Obama’s FCC Chairman, Julius Genachowski may be the man who will attempt to implement this plan to take over the internet but there’s more to this story. One of the shadow organizations that is joined-at-the-hip to Genachowski and is driving this plan is a Marxist-run organization ironically called Free Press.

FOX News’ Glenn Beck has already alerted his viewers to the plot saying: “Free Press has [had] three confirmed meetings now with Obama’s FCC to work on new Internet regulations…. The FCC chairman, not to be confused with the diversity ‘czar’ – this is the chairman of the FCC, Julius Genachowski – chose Free Press spokeswoman, Jen Howard, to be his press secretary.”

In another venue, Beck said: “The FCC is being inundated by a special interest group ironically named Free Press, whose goal it is to limit America’s free press and freedom of speech. This special interest group also claims that it’s due to special interest groups that it has become necessary for them to intervene on our behalf.”

Seton Motley, contributing editor of Newsbusters.org, has also addressed what is going on behind the scenes: “The groundwork for government information totalitarianism – favored by people like Hugo Chavez-loving FCC ‘Diversity Czar’ Mark Lloyd and Marxist ‘media reform’-outfit Free Press founder Robert McChesney – is being laid in the (p)lan being crafted by FCC Chairman Julius Genachowski.”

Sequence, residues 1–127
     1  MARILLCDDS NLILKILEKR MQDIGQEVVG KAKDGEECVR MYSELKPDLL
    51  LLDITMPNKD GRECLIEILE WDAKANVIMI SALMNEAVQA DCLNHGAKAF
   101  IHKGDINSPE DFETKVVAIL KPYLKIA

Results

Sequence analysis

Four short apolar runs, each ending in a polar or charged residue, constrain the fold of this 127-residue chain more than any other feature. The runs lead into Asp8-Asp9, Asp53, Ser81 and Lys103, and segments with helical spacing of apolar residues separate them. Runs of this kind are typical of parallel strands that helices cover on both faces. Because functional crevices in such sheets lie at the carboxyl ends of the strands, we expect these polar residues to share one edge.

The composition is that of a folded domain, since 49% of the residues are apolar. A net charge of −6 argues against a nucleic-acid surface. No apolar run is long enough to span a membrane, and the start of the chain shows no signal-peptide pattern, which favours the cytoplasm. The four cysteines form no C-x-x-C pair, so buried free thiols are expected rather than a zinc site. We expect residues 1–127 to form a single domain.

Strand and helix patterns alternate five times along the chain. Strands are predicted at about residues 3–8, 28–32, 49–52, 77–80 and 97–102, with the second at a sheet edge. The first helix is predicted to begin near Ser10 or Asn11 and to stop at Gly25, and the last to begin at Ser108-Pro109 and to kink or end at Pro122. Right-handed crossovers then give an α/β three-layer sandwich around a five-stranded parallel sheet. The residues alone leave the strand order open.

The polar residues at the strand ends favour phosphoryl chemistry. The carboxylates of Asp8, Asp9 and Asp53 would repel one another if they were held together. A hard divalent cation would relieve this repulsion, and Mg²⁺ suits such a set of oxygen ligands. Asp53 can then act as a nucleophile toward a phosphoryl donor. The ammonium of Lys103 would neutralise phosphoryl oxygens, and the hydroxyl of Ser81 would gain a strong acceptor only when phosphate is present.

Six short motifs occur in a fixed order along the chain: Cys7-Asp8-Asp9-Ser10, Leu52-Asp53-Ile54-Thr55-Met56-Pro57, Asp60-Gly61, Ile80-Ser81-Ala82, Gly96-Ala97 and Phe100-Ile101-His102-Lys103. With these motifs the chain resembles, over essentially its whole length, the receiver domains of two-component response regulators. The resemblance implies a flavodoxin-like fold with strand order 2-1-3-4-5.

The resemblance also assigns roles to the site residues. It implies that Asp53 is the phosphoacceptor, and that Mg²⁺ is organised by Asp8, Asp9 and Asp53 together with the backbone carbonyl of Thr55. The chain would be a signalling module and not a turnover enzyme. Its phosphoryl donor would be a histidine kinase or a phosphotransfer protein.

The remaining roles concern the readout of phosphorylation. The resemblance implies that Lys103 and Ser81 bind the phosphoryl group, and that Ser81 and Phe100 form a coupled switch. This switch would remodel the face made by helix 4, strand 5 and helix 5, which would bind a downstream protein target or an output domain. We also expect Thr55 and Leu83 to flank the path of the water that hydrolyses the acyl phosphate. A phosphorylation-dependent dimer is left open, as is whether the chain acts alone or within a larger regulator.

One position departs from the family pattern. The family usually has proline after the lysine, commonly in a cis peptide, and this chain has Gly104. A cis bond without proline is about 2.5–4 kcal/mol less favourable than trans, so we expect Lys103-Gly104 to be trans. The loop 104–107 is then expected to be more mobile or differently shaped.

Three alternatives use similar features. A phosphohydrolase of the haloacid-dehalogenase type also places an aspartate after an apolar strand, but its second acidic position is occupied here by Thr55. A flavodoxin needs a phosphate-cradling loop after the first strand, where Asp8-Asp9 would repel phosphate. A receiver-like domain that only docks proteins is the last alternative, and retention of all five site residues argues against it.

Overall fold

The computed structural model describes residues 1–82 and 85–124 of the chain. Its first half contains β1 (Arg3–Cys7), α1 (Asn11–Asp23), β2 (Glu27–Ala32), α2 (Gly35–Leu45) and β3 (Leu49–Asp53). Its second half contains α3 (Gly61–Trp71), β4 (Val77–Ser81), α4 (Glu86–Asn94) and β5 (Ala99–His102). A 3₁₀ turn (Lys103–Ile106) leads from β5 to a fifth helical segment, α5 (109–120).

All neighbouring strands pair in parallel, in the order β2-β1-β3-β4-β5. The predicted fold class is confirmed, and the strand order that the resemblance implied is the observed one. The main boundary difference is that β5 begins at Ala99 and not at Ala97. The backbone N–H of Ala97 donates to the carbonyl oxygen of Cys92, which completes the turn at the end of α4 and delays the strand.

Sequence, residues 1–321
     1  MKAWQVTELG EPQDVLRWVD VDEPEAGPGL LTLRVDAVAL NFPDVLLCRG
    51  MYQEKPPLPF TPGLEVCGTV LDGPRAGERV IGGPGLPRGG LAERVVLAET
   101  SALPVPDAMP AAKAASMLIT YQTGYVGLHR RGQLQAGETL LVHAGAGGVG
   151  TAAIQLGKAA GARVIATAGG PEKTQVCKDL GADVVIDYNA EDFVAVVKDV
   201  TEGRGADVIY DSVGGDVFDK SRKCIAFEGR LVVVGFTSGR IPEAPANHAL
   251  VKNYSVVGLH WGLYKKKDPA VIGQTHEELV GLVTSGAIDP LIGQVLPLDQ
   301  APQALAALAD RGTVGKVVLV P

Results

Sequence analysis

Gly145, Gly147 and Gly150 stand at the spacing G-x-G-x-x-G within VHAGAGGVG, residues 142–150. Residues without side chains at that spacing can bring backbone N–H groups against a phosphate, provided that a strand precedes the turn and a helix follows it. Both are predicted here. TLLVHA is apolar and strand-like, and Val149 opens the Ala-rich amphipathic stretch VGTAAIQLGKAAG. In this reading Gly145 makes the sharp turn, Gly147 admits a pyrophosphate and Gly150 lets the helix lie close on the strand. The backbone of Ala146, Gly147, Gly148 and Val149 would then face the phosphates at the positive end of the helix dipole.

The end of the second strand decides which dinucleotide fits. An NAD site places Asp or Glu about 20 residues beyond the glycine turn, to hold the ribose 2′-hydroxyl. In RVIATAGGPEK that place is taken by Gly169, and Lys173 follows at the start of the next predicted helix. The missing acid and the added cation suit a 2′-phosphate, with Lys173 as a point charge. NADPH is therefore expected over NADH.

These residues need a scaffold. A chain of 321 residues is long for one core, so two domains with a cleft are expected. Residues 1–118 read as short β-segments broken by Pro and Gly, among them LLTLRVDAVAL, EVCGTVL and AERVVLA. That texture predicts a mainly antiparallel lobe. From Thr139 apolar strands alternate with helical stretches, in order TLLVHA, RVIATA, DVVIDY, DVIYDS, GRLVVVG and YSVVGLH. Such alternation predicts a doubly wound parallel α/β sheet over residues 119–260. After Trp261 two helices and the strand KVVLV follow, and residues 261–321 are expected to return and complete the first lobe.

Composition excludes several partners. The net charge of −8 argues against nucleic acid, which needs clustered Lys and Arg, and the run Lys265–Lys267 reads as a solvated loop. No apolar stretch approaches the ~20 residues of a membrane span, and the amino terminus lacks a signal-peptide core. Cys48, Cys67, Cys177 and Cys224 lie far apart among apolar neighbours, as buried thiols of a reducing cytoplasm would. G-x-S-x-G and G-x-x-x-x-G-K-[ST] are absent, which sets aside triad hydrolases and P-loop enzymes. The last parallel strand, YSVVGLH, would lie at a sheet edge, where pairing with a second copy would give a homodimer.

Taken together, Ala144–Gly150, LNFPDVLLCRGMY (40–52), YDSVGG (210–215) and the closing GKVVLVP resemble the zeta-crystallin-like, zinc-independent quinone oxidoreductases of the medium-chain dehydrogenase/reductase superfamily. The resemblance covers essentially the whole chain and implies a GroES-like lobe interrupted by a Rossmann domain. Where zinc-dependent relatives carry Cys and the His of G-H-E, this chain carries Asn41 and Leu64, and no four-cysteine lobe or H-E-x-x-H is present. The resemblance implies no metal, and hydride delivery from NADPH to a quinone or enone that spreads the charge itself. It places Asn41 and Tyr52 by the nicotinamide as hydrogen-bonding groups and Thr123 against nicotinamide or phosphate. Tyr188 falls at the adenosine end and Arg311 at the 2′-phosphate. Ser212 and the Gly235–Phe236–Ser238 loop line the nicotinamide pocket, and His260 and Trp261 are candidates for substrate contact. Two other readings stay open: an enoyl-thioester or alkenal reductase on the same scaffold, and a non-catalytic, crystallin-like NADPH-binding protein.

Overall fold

And just in case you may still doubt the motives of the folks creating this plan, consider these four past statements by the man-behind-the-curtain, Free Press’ founder Robert McChesney:

1.       “Any serious effort to reform the media system would have to necessarily be part of a revolutionary program to overthrow the capitalist system itself.”

2.       “There is no real answer but to remove brick by brick the capitalist system itself, rebuilding the entire society on socialist principles.”

3.       “We need to do whatever we can to limit capitalist propaganda, regulate it, minimalize it and perhaps even eliminate it.”

4.       “At the moment, the battle over network neutrality is not to completely eliminate the telephone and cable companies. We are not at that point yet. But the ultimate goal is to get rid of the media capitalists in the phone and cable companies and to divest them from control.”